Indians have for a while exhibited a growing affinity for food delivery, but it’s now going beyond lunch and dinner.

Over the last year, consumers in the country increasingly looked to get even their breakfast, evening snacks, and late night meals home-delivered.

In March 2017, around 45,000 such orders came from outside lunch and dinner hours; by December, this nearly doubled to 85,000, Bengaluru-headuqartered research and consulting firm RedSeer has found.

Data: RedSeer

“Bachelors, early professionals, and students have adopted food-tech offerings very widely,” Vaibhav Arora, associate general manager at RedSeer, told Quartz. “Food-tech players have also increased focus on late-night deliveries because of this growing need.” During monsoons, the trend of ordering breakfast and snacks heightened, Arora added.

India’s online delivery segment grew 30% between 2015 and 2016, a far bigger jump than the restaurant industry’s 11% growth. Last year, too, it was touted as one of the fastest-growing industries.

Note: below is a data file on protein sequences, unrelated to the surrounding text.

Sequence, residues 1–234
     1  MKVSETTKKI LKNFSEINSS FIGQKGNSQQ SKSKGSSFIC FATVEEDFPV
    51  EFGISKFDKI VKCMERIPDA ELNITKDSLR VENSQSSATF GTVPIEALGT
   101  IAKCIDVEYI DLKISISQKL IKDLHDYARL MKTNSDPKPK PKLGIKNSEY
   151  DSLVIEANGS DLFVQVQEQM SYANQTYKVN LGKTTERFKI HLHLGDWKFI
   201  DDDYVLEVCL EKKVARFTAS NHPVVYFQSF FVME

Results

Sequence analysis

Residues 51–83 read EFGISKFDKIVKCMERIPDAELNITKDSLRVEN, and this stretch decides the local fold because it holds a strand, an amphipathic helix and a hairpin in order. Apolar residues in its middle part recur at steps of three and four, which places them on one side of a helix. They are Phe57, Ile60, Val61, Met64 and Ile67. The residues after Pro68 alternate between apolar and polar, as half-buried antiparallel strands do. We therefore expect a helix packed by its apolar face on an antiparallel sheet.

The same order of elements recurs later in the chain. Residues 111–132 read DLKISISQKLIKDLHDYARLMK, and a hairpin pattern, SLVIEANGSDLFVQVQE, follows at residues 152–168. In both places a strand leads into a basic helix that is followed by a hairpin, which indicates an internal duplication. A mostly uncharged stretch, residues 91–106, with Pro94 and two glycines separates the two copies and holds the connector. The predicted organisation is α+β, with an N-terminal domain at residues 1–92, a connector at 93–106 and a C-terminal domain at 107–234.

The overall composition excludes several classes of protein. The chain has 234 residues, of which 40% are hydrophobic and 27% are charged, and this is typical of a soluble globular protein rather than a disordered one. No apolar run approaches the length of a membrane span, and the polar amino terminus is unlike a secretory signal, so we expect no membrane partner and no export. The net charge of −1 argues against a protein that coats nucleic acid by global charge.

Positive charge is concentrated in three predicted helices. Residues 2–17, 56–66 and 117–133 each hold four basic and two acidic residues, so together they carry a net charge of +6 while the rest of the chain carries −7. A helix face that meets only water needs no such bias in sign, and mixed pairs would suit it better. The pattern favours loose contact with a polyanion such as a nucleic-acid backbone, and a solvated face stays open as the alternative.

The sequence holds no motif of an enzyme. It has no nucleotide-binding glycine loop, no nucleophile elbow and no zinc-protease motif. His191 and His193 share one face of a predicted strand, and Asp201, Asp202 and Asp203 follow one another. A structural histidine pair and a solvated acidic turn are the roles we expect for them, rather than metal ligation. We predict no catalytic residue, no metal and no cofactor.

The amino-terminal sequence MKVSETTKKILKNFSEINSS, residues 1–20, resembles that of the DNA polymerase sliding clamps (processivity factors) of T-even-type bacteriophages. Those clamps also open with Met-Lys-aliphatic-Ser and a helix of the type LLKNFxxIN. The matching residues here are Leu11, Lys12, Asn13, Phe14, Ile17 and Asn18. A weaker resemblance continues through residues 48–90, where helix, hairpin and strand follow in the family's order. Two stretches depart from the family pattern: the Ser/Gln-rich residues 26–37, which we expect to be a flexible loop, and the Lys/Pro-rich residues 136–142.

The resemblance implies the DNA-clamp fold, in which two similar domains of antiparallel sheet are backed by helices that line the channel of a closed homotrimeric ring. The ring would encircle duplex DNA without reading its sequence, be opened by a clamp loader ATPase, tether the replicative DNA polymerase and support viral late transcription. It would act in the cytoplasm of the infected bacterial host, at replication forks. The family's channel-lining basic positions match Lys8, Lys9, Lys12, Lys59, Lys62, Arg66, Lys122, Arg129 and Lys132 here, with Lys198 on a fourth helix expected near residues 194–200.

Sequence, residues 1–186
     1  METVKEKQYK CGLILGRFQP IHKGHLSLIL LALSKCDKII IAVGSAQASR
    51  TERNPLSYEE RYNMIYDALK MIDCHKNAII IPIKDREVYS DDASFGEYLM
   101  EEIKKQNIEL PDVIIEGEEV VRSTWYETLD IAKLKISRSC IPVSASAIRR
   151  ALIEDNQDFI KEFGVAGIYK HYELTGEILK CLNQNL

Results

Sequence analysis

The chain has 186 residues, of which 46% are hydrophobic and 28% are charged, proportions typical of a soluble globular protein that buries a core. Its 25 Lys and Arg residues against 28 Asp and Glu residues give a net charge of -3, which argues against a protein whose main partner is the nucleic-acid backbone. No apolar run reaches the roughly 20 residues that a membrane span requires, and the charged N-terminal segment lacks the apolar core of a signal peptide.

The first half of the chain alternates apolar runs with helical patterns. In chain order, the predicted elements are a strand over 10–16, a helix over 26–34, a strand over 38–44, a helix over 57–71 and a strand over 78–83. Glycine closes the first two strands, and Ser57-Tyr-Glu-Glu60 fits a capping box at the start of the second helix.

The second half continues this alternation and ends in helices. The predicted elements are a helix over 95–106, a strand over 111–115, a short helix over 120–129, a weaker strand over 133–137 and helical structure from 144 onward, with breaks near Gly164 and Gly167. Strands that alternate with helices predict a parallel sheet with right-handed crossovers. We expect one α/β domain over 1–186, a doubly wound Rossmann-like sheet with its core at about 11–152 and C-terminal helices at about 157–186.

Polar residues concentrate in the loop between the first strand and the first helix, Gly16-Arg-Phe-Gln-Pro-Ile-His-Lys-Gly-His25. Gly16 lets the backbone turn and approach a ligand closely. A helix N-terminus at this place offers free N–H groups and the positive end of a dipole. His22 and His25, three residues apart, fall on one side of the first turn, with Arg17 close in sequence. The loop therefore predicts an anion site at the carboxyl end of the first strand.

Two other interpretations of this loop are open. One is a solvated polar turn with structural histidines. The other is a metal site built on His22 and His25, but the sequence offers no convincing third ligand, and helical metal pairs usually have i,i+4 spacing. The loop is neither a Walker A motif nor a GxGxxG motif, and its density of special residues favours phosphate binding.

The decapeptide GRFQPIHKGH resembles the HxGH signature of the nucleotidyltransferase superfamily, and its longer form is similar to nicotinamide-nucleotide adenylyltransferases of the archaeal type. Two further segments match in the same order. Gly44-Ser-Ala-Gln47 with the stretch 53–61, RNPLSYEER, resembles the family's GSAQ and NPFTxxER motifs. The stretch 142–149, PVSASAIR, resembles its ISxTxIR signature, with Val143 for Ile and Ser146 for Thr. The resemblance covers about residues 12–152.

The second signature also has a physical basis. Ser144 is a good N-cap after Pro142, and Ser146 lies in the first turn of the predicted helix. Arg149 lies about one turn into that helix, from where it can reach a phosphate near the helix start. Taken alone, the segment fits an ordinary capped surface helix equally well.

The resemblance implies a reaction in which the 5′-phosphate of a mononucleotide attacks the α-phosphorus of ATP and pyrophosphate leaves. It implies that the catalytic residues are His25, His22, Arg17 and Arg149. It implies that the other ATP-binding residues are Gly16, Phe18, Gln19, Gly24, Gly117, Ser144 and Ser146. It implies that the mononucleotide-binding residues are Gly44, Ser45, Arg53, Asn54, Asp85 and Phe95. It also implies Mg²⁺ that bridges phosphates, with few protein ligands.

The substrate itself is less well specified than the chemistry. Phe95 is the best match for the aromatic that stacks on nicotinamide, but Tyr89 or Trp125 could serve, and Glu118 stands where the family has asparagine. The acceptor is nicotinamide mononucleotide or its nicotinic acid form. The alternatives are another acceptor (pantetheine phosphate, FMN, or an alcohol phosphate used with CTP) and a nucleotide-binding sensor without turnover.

Considering that India’s online-delivery penetration stands at a mere 2% of all food-delivery orders, there’s a lot more room to grow. And not only are more people ordering online, “the person who ordered five times a month has started ordering eight to nine times now,” Arora said.

Data: RedSeer

Not surprisingly, the big bucks are flowing in: In the past five years, two food-tech majors, Zomato and Swiggy alone have raked in a cumulative $700 million in investments, closely rivaling the $843 million raised by India’s entire restaurants business. With Ola’s acquisition of Foodpanda in December 2017 and rival Uber entering the fray in May 2017 with meal-order and delivery platform UberEATS, the competition is heating up.

By 2021, India’s food-tech sector is expected to surpass $2.5 billion in turnover.

“There is growth but players will have to struggle and tussle with each other to get a major share of the pie,” Arora said. “The ones with the fastest delivery times and cheapest delivery charges will win.”

This article first appeared on Quartz.